The Kinks were a four-piece band formed in north London, England by the brothers Ray and Dave Davies. Ray Davies, born 21 June 1944, and Dave Davies, born 3 Feb 1947 were joined by Mick Avory on drums and Pete Quaife on bass to complete the original lineup. Ray had been at art school in the early sixties and had played guitar with different R&B bands in London. He joined the Ravens in 1962 which included his brother Dave on lead guitar and drummer Avory. They signed a contract with Pye Records, but changed their name to the Kinks with encouragement from their management. Their first two releases failed to chart, but this third single zoomed all the way to number one in the UK and was a Top 10 hit in the USA. They went on to enjoy twelve further Top 10 hits in the UK by 1970, including another number one in 1965 - all written by Ray Davies. The band continued recording and performing on and off over the following years, albeit with some personnel changes, but finally broke up in 1996. The Davies brothers have recorded solo albums, and some past members have regrouped for live performances as the Kast Off Kinks, until the present time.
Tears Go By
Marianne Faithfull was born on 29 Dec 1946 in Hampstead, north London, England. She had started singing Folk music in coffeehouses in early 1964, and got herself into the London music scene, where she met Andrew Loog Oldham who was the manager of the Rolling Stones. He saw her potential, and signed her up, including a recording contract with Decca. Oldham had been encouraging Jagger and Richards to start writing their own material, and "As Tears Go By", one of their earliest compositions was given to Marianne. The recording was her debut hit, and it began a run of four Top 10 hits. However, her career as a hit record artist barely lasted one year. Her final Top 10 hit came in July 1965, followed by just two small hits that peaked at 36 and 43. Despite having married in 1965 and given birth to a son, she began an affair with Mick Jagger, and she was soon better known as Jagger's girl friend than a singer. She became addicted to drugs in 1967, effectively ending her career. She gradually recovered from the addiction, and in 1979 returned to the lower reaches of the charts with an album and single. She has continued to record and perform, and she released a new album, backed by a concert tour in 2014.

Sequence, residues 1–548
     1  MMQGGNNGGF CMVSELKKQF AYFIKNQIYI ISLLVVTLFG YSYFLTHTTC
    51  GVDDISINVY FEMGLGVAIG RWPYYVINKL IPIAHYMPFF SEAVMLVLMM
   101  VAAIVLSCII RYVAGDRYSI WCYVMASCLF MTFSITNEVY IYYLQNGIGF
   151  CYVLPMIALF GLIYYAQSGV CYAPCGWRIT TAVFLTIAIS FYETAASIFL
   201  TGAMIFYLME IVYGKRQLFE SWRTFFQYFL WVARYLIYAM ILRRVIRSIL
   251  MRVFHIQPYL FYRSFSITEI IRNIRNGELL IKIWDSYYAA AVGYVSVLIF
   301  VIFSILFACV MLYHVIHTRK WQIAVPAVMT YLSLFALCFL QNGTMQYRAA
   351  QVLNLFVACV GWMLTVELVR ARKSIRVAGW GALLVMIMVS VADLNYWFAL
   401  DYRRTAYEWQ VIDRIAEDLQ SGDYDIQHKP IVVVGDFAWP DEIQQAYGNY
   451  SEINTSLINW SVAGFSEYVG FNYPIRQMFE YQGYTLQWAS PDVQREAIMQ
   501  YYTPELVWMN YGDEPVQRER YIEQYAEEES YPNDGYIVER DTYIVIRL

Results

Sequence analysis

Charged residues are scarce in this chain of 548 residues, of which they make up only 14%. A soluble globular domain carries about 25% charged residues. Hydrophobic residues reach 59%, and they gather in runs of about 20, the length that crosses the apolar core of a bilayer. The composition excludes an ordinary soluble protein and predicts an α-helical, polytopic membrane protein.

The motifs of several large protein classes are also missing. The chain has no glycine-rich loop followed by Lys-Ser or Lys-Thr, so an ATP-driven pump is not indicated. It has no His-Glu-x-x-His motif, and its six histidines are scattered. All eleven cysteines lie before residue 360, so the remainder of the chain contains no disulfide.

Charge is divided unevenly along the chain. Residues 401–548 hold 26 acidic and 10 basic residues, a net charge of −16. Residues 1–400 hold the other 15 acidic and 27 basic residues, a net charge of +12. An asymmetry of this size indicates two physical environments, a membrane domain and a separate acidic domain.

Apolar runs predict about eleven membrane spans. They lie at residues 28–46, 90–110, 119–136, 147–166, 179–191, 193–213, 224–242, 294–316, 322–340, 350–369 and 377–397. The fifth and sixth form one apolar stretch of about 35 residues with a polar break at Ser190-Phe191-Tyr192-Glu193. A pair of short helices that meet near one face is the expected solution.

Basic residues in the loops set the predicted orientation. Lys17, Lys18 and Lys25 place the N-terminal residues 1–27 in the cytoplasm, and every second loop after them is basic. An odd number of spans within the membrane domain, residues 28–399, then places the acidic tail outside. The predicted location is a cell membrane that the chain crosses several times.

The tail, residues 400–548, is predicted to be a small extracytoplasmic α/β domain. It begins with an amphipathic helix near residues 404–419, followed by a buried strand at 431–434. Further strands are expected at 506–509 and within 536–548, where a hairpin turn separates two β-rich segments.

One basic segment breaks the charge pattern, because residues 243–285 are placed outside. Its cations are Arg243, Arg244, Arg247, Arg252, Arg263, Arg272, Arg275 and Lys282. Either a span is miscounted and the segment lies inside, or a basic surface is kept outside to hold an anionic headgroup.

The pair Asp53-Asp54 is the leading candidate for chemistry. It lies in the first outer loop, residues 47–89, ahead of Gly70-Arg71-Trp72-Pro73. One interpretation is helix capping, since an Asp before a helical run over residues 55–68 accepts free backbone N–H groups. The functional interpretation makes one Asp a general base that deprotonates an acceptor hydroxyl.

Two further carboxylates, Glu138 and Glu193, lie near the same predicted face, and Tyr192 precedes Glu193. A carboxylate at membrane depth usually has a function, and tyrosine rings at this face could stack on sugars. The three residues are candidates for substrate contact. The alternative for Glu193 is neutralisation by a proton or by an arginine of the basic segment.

Wouldn't Trade You For The World
The Bachelors were having a great 1964, and this was their fourth consecutive Top 10 entry of the year. A fifth recording entered the chart at the tail end of the year, and it too became a Top 10 hit. In the two years after that things slowed down in the charts for this vocal trio, with only one Top 10 entry in each of the years 1965 and 1966. Two smaller hits in 1967 rounded off their chart career. See song 8 for more info.